Danita Hibbs has come a long way from being a single mom with three kids and a Grade 8 education to someone who will soon be a social worker.
The 51-year-old Brantford woman is in her third year of the Honours Bachelor of Social Work at Laurier Brantford, with a minor in Indigenous studies, all the while working in a full-time job. When she graduates, she will be the first person in her family to have finished university.
Throughout her life, Danita has overcome obstacles – including living with Multiple Sclerosis - and refused to listen to people who told her she "could not make it." She's proven those people wrong again and again and again.
"Initially, I was afraid that I was not smart enough to go to school and now nothing stands in my way!" she says. "I remind myself of all that I have come through and I dig a little deeper and find strength."
Danita has been selected as a 2017 Education Champion by Education WORKS Alliance, after being nominated by her workplace, Rosewood House.
Years ago, she found herself living on her own with three children, no income and limited education, so she started cleaning houses during the day and driving taxis at night to make ends meet. Danita also endured an unhealthy marriage and money issues, including being ineligible for student loans because she had to declare bankruptcy.
But Danita went back to school as a mature student, earning first a Human Services diploma and then a Social Service Worker diploma at Conestoga College during the years 2007 - 2010. From college, she went to university, still interested in helping others with mental health and addictions issues.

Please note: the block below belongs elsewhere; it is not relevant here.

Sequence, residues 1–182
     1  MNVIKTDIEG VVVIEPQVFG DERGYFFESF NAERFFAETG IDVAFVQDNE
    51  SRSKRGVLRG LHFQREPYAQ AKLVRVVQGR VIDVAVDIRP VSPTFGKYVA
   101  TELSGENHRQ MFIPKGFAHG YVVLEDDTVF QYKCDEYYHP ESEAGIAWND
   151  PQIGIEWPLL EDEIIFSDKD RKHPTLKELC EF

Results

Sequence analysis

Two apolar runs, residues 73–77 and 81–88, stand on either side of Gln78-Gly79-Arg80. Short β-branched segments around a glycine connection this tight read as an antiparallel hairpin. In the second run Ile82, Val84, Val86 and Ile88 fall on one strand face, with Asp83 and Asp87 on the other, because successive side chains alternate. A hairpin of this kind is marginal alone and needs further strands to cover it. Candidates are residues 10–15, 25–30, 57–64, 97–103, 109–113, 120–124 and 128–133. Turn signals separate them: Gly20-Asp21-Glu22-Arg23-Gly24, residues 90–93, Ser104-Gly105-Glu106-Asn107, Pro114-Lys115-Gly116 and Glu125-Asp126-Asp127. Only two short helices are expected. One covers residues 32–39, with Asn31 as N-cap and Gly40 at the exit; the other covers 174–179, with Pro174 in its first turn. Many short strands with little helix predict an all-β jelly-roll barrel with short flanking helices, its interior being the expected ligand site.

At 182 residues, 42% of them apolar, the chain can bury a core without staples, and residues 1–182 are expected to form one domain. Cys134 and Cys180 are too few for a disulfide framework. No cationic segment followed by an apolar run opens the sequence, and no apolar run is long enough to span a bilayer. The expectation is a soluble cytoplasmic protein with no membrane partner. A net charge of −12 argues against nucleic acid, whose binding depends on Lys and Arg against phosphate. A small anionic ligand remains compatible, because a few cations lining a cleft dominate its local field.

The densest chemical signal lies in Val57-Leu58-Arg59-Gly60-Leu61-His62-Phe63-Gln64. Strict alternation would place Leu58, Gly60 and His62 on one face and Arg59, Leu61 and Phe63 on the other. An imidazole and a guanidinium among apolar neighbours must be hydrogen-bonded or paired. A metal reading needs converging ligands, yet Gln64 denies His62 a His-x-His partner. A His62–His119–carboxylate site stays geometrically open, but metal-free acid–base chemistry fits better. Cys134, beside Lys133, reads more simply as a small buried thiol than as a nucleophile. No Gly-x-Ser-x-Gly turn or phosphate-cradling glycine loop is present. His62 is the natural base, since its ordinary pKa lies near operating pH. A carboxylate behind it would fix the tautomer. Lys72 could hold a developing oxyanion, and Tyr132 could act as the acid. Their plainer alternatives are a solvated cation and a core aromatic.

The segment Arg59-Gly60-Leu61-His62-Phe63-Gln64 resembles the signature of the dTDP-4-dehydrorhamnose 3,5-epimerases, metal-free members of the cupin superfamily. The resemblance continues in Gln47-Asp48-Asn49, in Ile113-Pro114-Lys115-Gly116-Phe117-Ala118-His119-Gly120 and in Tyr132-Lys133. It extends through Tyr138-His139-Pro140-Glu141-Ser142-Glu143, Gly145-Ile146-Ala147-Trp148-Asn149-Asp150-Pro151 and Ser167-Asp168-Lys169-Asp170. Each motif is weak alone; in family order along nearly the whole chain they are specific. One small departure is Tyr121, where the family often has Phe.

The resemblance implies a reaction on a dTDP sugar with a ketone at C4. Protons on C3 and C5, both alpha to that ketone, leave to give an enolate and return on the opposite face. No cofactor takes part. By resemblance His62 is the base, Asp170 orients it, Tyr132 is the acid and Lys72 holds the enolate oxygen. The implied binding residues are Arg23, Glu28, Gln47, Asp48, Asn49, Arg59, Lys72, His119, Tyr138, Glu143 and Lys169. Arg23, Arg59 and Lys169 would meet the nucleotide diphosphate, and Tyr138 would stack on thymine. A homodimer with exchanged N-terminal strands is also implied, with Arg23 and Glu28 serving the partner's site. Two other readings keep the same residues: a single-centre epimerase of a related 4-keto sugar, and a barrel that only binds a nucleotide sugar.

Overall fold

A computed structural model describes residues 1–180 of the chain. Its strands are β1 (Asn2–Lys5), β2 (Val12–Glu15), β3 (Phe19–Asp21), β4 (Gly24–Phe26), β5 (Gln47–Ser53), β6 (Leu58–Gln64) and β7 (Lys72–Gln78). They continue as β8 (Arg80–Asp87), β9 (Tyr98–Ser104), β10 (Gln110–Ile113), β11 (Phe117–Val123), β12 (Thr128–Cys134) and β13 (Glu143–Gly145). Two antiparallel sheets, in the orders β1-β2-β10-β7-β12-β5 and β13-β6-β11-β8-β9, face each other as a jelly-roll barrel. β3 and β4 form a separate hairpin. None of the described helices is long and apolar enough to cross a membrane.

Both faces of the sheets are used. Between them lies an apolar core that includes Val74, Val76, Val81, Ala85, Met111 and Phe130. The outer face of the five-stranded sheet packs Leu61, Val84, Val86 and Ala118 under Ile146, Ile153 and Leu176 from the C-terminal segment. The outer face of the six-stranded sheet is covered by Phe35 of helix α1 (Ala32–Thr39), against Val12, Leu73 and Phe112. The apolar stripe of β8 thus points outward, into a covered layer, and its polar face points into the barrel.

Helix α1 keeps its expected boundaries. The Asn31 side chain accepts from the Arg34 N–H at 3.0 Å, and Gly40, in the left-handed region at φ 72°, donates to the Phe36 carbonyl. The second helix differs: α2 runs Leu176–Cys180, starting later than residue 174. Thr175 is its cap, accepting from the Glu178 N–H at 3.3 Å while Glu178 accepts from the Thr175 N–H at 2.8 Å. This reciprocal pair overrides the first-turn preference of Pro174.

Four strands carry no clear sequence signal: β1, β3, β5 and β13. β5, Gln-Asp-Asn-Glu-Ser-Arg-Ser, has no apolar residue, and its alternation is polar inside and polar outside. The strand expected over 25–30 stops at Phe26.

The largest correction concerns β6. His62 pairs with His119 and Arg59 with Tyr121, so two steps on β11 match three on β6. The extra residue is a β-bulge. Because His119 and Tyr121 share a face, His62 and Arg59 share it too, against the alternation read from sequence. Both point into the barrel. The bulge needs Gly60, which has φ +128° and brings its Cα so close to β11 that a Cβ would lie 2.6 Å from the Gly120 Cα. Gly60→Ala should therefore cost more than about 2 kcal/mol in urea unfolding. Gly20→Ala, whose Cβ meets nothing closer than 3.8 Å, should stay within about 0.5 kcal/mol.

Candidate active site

"It has always been my dream to become a Social Worker," she says. "I will open my own counselling practice and 20% of my services will be at no charge. Not everyone can afford this type of service and yet everyone deserves to be helped along in their journey."
Danita would be paying forward for the help and support she's received along the way. She is particularly thankful that a social worker helped her when she was younger and living on the streets. Her family and friends have also always been there for her.
Rosewood House, which provides supportive housing for individuals with mental health or addiction issues, has been a "saving grace," allowing Danita to adjust her shifts as the facility's Systems Manager. Her co-worker Marion McGeein nominated Danita.
She plans to take some time off before tackling a Masters in Indigenous studies and pursuing her dream of opening a counselling practice to help others.
After such a difficult life, Danita serves as a true ambassador for the power of education and how it can lift someone out of poverty and despair, and how it can help someone achieve their dreams. She wants others to know this.
"While you may be facing unimaginable challenges, you are stronger than you think," she says. "You are every bit as worthy as anyone else."
Story by Mark Skeffington, Education WORKS Alliance